“Don’t call me sir,” my colleague gently told me. I hadn’t even realized it had come out of my mouth. I’d become so used to hearing it that it slipped out naturally, like it wasn’t the bitter word it’s always been to me. The thought briefly crossed my mind: Is he queer?

The question slipped away just as quickly as it had manifest. It didn’t really matter. What mattered was that no one here asked to be called “sir.” I didn’t and neither did my colleague, yet we’d both been thrust up against those awful three letters against our will.

What mattered was that I had become part of the same cisheteronormativity that permeated the office which had also felt so carceral to me. I’d stopped pushing back against the cage and started building its bars.

I think surviving becomes something else entirely, something more insidious, when you start transferring the oppressive pressures you feel onto others. When you stop resisting and start sustaining. When you’re not a “sir” and you call others it anyway when they never asked to be addressed that way.

The limit to my contortion should have been demanding others to do the same. My colleague was proof I had pushed those limits, but I’m learning to pull the other way now.

I am learning to pull out the encouragement of personal presentation choices. I am pulling out the words to speak up against binary supremacy when the worst that can happen is a friendly disagreement. I am pulling out the celebration of Black names and hair and dress, which never fit gender properly anyway.

When I bring my boss the daily brief, I point out the articles that deal with gender issues, and we talk about it. He actually has interesting thoughts that can shift and evolve. I’m pulling out my own possibilities to shift and evolve, too.

And I’m pulling off the need for my gender to be seen a certain way, and instead embracing the need for me to see everyone’s gender in a way that liberates.

After all, the most important part of being non-binary is what you feel inside.

I know that I have friends outside of this place that will always see and love me for me. I know if there weren’t, I have the possibility of seeing and loving myself enough to account for the whole world.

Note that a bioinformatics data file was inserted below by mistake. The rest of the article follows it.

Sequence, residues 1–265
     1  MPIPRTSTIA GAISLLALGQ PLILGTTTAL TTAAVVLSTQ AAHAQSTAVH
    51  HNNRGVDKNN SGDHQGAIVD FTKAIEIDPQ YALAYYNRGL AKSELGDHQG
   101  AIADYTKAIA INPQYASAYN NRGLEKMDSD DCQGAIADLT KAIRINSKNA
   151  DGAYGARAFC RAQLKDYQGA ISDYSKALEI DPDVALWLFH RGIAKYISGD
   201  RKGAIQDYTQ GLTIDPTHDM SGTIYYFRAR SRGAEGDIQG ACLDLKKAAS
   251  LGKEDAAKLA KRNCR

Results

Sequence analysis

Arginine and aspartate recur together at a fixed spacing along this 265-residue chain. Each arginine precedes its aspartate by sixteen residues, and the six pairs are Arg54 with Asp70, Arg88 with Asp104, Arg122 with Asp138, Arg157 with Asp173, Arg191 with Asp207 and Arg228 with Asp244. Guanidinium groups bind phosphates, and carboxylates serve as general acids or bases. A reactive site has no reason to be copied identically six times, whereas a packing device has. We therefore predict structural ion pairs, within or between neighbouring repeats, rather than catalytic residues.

I will not erase my gender at work even if I am holding it more tightly so that I don’t break. My gender is always my gender, seen or unseen.

Being non-binary is not just about a look. It’s not just about which pronouns you use. It’s not just about how other people see you. It’s about how you see yourself, and the only person who can determine that is you. It’s about how you see others, too.

When my boss calls me “sir,” it’s because he doesn’t see me like I see myself. When I called my colleague the same, I didn’t see him either.

Tomorrow, maybe I’ll feel safe enough to show my boss a little bit more of me, like my colleague showed me more of himself. Maybe I’ll even laugh with him about how much I hate the term. Maybe he’ll listen. Maybe he won’t. But no colleague will be forced to do the same again.

At the end of the day, knowing myself is enough. And the real me, a non-binary me, is someone who encourages others to know who they are, too.

Maybe one day we will run our own workplacesour own battlefields in this war. It’s up to us to construct them on the side of liberation.

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Hari Ziyad is a Contributing Writer for Everyday Feminism and a Brooklyn-based storyteller. They are the Editor in Chief of RaceBaitR, a space dedicated to imagining and working toward a world outside of the white supremacist cisheteropatriarchal capitalistic gaze, and their work has been featured on Gawker, The Guardian, Out, Ebony, Mic, Colorlines, Paste Magazine, Black Girl Dangerous, Young Colored and Angry, The Feminist Wire, and The Each Other Project. They are also an assistant editor for Vinyl Poetry & Prose. You can find them (mostly) ignoring racists on Twitter @RaceBaitR and Facebook